The new tax laws overhaul the rules for IRAs. Individuals now have more flexibility and choices with regard to IRAs.
For the tax years 2005 through 2007, you may contribute up to $4,000 a year to a Roth IRA. In 2008, the maximum contribution limit will be raised to $5,000 and will be indexed for inflation in $500 increments in 2009 and 2010.
"Catch-up" contributions will enable those age 50 and older to make additional annual deductible contributions of $500 in 2005 and $1,000 starting in 2006.
Therefore, taxpayers age 50 and older can make deductible contributions of $4,500 in 2005, $5,000 in 2006 - 2007, $6,000 plus any inflation adjustment in 2008-2010.
The contributions are NOT tax deductible but they grow tax-free and can be made even after the individual turns 70 ½.
There is no tax on amounts kept in the IRA for at least five years and withdrawn after you reach age 59 ½.
The availability of the Roth IRA phases out for couples with an Adjusted Gross Income of $160,000 or above ($110,000 for singles).
Distributions from both Roth and traditional IRAs prior to age 59 ½ will not be subject to the 10% tax on early withdrawals if the money is used to pay for (1) higher education or (2) up to $10,000 of the cost of a first home.
An individual may contribute cash to a Roth IRA for a non-working spouse for a taxable year up to the maximum deductible limit (disregarding any active participant restrictions) permitted with respect to traditional IRAs for such non-working spouses, reduced by any such contributions made to traditional IRAs for the taxable year on behalf of the non-working spouse.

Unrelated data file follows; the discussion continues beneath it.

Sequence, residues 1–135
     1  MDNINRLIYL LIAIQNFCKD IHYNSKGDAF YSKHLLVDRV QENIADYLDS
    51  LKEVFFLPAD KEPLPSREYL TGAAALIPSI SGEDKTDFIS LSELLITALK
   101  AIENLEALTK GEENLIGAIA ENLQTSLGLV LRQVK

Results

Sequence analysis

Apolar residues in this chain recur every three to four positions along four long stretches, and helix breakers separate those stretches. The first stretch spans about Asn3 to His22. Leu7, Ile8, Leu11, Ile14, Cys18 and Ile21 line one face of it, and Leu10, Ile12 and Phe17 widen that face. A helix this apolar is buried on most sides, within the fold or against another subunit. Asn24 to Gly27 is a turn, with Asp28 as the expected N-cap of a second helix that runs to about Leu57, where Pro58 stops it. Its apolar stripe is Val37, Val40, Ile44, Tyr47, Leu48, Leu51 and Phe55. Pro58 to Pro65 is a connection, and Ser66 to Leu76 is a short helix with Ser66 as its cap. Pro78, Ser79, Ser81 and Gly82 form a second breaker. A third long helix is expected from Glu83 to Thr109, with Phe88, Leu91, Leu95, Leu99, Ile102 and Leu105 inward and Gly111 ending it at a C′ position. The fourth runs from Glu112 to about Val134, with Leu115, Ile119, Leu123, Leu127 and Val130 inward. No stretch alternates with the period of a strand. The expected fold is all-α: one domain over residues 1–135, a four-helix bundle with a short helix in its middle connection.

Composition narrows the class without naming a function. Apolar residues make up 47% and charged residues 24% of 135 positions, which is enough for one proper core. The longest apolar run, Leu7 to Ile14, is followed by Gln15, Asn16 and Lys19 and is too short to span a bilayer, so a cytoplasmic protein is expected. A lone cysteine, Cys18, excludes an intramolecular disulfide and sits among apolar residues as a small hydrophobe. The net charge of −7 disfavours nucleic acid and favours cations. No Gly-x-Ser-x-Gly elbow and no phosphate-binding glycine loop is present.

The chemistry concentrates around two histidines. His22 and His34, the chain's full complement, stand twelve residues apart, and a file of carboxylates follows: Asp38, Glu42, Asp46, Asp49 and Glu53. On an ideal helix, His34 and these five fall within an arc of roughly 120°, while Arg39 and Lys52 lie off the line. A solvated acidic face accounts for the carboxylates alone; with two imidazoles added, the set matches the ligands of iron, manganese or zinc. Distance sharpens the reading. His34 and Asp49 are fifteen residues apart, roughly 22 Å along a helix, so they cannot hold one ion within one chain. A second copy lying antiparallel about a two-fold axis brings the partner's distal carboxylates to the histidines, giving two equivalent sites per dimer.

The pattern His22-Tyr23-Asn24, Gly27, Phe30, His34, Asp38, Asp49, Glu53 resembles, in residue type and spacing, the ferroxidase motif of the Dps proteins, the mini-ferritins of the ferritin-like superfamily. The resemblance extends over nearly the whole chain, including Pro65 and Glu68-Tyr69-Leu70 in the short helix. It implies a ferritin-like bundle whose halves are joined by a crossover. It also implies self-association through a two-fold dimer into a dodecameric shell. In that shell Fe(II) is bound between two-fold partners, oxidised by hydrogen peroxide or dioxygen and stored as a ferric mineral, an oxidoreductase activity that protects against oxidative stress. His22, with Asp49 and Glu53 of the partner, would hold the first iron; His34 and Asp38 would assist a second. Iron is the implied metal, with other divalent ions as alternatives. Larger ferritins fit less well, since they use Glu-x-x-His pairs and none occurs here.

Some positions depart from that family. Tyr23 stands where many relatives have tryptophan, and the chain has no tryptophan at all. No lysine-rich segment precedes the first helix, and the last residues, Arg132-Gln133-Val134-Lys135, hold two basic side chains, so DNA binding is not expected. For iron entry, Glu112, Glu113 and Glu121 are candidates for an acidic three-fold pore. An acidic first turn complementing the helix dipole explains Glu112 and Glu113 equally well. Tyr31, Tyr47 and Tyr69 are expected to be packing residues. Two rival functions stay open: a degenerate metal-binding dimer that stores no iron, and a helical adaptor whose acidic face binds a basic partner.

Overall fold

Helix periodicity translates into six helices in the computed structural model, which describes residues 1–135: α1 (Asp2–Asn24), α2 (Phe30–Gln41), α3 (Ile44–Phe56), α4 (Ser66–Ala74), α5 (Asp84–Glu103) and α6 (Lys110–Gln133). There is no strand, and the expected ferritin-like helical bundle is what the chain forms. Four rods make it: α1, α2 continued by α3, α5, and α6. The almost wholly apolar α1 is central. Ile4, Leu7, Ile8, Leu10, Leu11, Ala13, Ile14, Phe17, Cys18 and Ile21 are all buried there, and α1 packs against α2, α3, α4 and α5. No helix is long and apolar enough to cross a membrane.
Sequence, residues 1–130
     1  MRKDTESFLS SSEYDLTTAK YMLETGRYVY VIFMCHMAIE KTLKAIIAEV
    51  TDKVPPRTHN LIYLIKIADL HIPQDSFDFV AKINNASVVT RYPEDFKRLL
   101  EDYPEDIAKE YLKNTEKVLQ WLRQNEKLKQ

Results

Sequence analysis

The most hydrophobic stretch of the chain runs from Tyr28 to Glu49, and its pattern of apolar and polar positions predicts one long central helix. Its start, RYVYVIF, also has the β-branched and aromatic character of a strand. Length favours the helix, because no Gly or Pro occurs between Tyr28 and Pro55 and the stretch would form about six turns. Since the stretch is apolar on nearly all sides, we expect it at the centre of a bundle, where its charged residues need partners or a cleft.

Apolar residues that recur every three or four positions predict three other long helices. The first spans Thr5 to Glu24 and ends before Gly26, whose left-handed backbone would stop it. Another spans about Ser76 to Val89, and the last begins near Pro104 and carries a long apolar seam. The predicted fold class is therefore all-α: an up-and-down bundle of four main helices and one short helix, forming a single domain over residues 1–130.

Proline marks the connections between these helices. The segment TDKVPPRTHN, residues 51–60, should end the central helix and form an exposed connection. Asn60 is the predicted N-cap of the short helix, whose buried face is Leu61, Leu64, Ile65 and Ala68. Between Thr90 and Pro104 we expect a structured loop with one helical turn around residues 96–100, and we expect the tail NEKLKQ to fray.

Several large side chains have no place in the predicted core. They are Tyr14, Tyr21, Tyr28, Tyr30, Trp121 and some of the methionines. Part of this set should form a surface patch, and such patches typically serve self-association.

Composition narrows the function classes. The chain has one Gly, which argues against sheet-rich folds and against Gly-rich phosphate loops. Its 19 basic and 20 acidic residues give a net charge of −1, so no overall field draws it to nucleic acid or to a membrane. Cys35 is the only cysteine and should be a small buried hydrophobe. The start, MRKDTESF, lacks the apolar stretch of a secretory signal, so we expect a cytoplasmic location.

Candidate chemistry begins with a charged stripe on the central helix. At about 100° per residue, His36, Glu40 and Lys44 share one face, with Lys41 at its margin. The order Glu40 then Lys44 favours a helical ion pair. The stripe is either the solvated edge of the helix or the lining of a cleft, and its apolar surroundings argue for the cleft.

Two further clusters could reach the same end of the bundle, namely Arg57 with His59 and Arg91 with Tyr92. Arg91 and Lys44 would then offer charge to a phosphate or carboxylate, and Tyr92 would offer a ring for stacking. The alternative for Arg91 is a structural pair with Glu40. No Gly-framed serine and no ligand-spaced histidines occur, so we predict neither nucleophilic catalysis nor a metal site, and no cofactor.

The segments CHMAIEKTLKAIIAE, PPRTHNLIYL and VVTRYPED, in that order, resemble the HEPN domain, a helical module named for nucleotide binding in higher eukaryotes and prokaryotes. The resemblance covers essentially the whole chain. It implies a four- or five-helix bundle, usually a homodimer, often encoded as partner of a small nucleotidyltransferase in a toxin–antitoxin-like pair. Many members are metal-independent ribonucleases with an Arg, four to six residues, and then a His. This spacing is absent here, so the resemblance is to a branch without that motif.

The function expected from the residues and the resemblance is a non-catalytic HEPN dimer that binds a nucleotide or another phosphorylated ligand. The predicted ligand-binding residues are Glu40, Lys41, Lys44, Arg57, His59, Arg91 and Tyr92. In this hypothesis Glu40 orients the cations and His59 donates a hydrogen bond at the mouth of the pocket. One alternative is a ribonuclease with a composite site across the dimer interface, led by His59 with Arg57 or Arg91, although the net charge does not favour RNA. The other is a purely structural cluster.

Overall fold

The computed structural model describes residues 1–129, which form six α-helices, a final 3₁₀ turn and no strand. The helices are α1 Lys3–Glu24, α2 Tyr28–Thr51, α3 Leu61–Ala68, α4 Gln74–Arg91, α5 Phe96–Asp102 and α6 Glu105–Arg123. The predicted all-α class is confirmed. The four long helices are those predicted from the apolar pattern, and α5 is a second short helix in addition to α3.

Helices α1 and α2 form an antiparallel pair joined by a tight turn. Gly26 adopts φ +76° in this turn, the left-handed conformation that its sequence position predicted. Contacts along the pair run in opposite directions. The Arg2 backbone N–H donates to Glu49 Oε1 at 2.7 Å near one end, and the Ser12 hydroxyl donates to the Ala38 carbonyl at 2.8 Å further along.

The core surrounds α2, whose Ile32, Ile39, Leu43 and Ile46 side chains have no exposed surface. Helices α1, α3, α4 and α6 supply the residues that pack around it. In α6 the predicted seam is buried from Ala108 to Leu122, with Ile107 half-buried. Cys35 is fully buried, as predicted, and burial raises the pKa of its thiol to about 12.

The maximum contribution permitted to an individual Roth IRA or a spousal Roth IRA is reduced or eliminated for certain high-income taxpayers. The amount of the reduction is the amount that bears the same ratio to the overall limit as the taxpayer's adjusted gross income (AGI) in excess of an applicable dollar amount bears to $15,000 ($10,000 in the case of a joint return).
The amount of the reduction is calculated as follows:
Maximum contributionXAGI - "applicable dollar amount"
$15,000 ($10,000 if a joint return)
The "applicable dollar amount" is (1) $95,000 in the case of an individual filing a single return, (2) $150,000 in the case of a married couple filing a joint return, and (3) $0 in the case of a married person filing separately. Thus, the Roth IRA contribution limit is $0 for (1) individuals filing a single return with AGI of $110,000 and above, (2) married couples filing joint return with AGI of $160,000 and above, and (3) a married individual filing separately with AGI of $10,000 and above.
The amount of the reduction is rounded to the next lowest multiple of $10. Unless the individual's contribution limit is reduced to zero, the Code permits a minimum contribution of $200.
THE BEST CHOICE
Those who favor Roth accounts tend to believe that their income and tax rate upon retirement will not be significantly lower than at present and are willing to prepay tax on income they invest to gain the tax free status on withdrawals and earnings in later years. Additionally, they recognize the advantage of allowing the investment to grow without any required distribution.
Conversely, those who usually favor traditional IRA accounts believe that they can contribute more because of the immediate deferment of the income tax and believe that their income and tax rate may be lower upon retirement or age 70 ½ when they will be required to take distributions.
Perhaps the most important consideration of the Roth IRA is the value of growth without taxation – and the earlier the contributions are made the greater may be the subsequent withdrawals.
Sources: Tax Facts 2006, National Underwriter Company
Financial Planning Consultants, Inc.
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